SM COURTHOUSE — The woman appeared to be in denial, dismissing assertions that she needed a restraining order, insisting that it’s been a long time since she was struck.

The volunteers at the Domestic Violence Clinic were having little luck with the new client who came at the ultimatum of an employer — get a restraining order or don’t come back.

Minty Siu-Kootnikoff took a seat next to the woman and started talking, asking questions, including what would constitute a “long time.”

“The more I talked to her I discovered her idea of him not hitting her for a long time meant last Thursday,” Siu-Kootnikoff, an attorney at the clinic, said during a recent interview. “I finally was able to get her to maybe understand that it’s not a bad idea to get a restraining order.”

About a year later the two women ran into each other at the market, the one-time client now divorced and free from her abusive ex-husband, playing double role as working single mom and student.

“It’s amazing how a single mom can juggle a budget,” Siu-Kootnikoff said. “If single moms were running the country, things would be completely different.”

Tucked away at the end of a long corridor in the Santa Monica Courthouse is a small closet-sized room where victims of domestic violence have been seeking legal assistance for the past 20 years, whether it’s to obtain a temporary restraining order or counsel for divorce proceedings.

The Legal Aid Foundation of Los Angeles has operated the clinic for 14 of those years, staffing it with a small army of attorneys and volunteers who meet with clients every weekday morning, some who are new, many who are repeat visitors, all hoping to end the abuse that’s been inflicted on them.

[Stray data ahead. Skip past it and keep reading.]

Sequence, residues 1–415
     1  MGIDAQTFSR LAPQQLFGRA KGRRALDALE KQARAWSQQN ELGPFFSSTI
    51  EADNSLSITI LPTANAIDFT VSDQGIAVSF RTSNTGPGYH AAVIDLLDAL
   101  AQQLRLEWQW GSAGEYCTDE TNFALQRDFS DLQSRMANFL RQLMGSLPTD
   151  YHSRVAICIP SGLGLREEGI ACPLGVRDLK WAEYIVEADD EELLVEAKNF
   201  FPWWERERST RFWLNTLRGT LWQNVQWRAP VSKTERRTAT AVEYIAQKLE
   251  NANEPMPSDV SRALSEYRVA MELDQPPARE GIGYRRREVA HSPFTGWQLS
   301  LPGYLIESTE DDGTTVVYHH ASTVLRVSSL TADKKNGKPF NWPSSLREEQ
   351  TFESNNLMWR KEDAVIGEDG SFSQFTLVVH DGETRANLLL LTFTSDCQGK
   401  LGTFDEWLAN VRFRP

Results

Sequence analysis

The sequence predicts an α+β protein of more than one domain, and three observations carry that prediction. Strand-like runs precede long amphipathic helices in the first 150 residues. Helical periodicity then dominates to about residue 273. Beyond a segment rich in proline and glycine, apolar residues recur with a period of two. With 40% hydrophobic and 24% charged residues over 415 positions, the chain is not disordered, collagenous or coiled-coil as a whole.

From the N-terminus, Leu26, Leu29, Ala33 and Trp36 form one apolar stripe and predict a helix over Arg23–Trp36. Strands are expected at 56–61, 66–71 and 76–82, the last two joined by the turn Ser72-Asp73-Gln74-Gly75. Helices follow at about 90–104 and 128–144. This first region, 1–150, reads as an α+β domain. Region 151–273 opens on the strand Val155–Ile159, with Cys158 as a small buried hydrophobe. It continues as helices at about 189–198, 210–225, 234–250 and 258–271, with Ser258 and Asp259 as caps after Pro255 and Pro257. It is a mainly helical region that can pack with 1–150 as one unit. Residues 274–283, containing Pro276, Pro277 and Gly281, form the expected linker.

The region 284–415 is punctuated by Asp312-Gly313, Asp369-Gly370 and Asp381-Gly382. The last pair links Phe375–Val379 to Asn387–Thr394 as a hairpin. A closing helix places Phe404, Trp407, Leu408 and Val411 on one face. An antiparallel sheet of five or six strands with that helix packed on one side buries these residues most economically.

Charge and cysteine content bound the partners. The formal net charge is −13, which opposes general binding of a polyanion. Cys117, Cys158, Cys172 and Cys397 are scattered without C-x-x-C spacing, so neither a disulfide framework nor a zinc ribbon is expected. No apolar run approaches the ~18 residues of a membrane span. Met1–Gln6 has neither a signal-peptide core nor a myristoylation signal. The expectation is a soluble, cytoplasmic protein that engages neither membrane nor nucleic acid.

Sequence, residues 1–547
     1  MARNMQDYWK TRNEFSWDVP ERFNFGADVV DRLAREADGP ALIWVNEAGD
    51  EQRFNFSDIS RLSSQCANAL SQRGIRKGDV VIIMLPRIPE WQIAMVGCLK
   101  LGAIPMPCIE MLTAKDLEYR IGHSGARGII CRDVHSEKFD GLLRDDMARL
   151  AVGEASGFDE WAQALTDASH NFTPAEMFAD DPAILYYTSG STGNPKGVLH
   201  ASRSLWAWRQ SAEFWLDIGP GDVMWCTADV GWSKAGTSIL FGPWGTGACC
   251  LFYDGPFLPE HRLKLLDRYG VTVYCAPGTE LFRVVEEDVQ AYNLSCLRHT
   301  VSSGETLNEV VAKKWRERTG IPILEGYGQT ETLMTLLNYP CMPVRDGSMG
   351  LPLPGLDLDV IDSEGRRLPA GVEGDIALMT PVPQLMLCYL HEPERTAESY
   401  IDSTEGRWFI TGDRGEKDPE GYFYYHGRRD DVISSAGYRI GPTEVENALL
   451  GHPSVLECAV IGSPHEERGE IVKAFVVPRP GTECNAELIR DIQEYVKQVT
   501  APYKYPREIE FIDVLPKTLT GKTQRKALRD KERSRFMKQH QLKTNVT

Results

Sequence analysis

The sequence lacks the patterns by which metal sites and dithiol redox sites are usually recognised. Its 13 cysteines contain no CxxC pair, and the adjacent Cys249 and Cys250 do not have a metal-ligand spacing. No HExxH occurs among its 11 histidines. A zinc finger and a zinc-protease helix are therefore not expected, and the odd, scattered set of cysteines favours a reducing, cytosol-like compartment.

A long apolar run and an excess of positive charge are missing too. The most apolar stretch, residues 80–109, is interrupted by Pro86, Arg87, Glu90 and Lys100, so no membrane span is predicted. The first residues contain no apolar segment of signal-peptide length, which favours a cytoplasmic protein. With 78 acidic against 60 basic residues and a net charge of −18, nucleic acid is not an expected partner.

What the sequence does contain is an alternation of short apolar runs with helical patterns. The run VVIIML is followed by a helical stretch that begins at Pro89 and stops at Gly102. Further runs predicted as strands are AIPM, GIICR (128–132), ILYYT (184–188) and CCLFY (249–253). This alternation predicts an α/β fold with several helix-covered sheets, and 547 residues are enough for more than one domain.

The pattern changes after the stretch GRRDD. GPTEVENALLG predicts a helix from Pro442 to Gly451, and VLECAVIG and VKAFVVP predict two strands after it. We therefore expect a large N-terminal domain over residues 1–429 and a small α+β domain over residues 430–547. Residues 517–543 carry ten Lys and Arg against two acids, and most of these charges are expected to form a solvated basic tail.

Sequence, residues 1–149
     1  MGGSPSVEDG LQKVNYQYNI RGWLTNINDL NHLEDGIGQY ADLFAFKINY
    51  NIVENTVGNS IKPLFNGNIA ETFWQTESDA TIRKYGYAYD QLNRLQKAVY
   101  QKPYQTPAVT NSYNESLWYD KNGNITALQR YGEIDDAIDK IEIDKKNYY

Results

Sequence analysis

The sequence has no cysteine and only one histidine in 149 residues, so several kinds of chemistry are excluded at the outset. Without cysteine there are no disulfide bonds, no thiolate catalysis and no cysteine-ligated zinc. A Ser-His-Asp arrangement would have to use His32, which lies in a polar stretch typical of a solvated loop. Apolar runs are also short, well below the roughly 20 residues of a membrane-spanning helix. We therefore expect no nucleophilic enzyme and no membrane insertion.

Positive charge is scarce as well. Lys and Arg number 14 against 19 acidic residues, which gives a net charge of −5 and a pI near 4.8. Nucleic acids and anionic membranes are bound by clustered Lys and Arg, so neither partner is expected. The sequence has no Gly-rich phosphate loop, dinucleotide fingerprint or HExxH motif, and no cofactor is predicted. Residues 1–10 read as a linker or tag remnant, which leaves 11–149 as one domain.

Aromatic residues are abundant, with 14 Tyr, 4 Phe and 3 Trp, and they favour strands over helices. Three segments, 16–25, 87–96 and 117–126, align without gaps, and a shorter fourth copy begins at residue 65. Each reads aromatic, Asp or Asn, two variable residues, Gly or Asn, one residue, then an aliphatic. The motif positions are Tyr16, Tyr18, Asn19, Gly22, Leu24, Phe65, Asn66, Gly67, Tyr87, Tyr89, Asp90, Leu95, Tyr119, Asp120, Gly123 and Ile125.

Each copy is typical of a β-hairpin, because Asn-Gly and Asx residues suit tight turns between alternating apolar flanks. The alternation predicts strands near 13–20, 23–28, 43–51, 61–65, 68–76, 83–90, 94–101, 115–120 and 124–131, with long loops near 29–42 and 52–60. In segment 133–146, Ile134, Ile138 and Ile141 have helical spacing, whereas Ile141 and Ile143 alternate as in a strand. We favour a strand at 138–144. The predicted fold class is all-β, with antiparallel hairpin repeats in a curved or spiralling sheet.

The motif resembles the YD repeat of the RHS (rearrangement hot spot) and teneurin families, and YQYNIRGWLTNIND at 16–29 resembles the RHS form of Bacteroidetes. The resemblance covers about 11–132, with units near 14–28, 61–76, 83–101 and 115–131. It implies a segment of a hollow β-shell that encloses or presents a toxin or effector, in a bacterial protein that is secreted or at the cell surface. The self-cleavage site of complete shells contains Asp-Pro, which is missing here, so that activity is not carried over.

Many of the clients come to the clinic tired and traumatized, confused at what can be a difficult navigation of the judicial system, some walking up to the wrong windows at the courthouse, many needing guidance to get through a voluminous application form for temporary restraining orders.

Attorneys at the clinic help clients prepare the forms, taking a statement that includes specifics of the alleged incident, from where the woman was hit to whether there were any witnesses. They also accompany the clients to court hearings.

But many clients don’t go through with the application filing their first, second or third visit to the clinic, some because they can’t return to the courthouse for the hearing after the lunch break, others because they fear the repercussions of filing a detailed statement that the person who is allegedly responsible for the abuse can see, Susan Millmann, an attorney with the Legal Aid Foundation, said.

About half of the clients don’t file the paperwork after it’s been completed.

“It’s a very difficult emotional thing,” Millmann said. “Not only are they trying to stay safe, but their relationship is falling apart.”

Those who do file for a temporary restraining order, which are good for up to three weeks, will usually receive one that day.

Sometimes, the disputes can get deadly.

In 2002, a client was fatally stabbed by the father of her son outside of City Hall in a murder-suicide. The woman already had obtained a temporary restraining order and was on site for a child visitation matter.

One of their most recent clients is a Westside woman who filed for a restraining order in October after she was attacked by an ex-boyfriend who was inebriated at the time.

“I thought this is going to be an easy thing to get,” the woman, who asked that she remain anonymous, said about obtaining a restraining order.

The process ended up taking five hours.

“To have this situation take place is not something I’m proud of and not something I wanted to talk about,” she said. “It’s very embarrassing to admit that you got yourself in a situation like that and you blame yourself.

“(The clinic) made me feel at ease and there was a sense of comfort there from the ladies in the room.”

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